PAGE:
Clean up of derailed cars continues along with investigation into cause

By Lynn R. Parks

Cleanup of the 12 train cars that jumped off the track just south of Bridgeville on Dec. 26 was set to start Tuesday. David Pidgeon, spokesman for Norfolk Southern Railroad, which owns the tracks, said that the cars have been sold for scrap.

Louise Holt, spokeswoman for the Delaware Department of Transportation, said on Monday that Wilson Farm Road, which has been closed since the derailment, was expected to be open to traffic by the end of the week. The road was closed because the train cars and the gravel that they were carrying were lying close to the edge of the road's southbound lane.

A 13th car, which was carrying 33,760 gallons of propane and which was tipped over in the derailment, was righted five hours after the accident. Pidgeon said that the contents of the car were monitored throughout the process, and that none of the gas escaped.

The cause of the derailment has not been determined. Norfolk Southern has until the end of January to file an accident report with the Federal Railroad Administration, part of the U.S. Department of Transportation. An investigation into the cause is underway, Pidgeon said. The train originated in Harrington and was headed toward Seaford.

Warren Flatau, spokesman for the Federal Railroad Administration (FRA), said that about 44 percent of all train derailments are caused by problems with the track.

About 30 percent are caused by human error.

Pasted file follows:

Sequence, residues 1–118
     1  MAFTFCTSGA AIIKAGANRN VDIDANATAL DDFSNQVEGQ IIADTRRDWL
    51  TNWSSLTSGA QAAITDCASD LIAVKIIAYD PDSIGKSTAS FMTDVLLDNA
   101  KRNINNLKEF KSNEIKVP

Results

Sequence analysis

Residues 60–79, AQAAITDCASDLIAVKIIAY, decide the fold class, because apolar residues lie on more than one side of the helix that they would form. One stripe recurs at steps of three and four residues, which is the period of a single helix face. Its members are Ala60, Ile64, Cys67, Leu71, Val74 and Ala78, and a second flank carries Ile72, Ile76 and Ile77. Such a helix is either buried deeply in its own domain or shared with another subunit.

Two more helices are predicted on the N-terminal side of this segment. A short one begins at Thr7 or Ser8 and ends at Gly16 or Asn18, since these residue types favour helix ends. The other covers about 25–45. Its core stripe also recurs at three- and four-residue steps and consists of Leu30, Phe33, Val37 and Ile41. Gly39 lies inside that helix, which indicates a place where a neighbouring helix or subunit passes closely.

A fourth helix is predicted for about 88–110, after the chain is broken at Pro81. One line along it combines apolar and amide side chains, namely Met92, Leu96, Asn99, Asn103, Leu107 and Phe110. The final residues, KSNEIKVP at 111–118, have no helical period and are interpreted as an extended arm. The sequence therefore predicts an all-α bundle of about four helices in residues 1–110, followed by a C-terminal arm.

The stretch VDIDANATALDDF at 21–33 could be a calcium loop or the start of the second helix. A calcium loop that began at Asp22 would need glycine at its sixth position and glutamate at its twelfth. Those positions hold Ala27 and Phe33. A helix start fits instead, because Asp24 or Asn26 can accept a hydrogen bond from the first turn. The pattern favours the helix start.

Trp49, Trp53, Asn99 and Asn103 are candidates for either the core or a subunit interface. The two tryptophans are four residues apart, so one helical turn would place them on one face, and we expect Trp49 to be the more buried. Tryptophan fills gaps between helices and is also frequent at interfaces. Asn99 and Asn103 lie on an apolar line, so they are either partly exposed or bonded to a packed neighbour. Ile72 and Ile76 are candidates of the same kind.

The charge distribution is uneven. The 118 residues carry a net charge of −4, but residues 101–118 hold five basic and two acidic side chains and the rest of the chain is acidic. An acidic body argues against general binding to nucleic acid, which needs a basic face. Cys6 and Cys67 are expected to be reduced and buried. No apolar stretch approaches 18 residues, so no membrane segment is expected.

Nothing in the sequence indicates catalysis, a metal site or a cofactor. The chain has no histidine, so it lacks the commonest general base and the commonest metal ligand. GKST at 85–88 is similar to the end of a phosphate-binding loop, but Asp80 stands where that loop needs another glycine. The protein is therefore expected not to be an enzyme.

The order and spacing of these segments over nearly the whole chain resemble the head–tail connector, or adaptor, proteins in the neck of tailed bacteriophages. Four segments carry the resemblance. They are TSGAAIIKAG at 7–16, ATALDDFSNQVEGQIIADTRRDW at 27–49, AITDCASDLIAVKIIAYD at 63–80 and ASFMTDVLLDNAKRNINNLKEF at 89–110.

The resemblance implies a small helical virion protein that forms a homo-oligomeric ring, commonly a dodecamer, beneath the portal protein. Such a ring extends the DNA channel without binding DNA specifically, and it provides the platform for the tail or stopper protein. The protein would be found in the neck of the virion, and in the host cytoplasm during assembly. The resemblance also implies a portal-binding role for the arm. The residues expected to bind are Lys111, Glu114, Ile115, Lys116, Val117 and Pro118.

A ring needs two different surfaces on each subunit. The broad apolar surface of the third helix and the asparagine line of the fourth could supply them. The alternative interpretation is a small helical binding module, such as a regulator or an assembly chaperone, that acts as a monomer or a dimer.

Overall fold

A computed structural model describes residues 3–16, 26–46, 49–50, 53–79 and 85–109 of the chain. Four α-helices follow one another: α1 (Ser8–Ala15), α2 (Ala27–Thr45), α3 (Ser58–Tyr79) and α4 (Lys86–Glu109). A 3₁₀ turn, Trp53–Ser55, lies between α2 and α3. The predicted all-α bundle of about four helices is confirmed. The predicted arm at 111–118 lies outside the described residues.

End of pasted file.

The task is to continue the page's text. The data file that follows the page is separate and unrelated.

The track was reopened to train traffic on Dec. 27, the morning after the derailment, Pidgeon said. It has been handling trains since, with no problems.

Flatau said that when it receives the accident report from Norfolk Southern, the FRA will include the report on its online safety database. The report will also be audited, to make sure that all of its details are correct. The FRA uses accident data to design its oversight policies, Flatau said.

According to the FRA, Norfolk Southern had 157 derailments in 2011, the last year for which complete data is available. None of those was in Delaware.

Six train accidents, including derailments, were reported in Delaware in 2011. All were in New Castle County. In the first 10 months of 2012, there was one train accident in Sussex County. On Feb. 7, two cars on a train being operated by Maryland and Delaware Railroad Company derailed near Selbyville. The company's report identifies defective or missing crossties as the cause of the accident.

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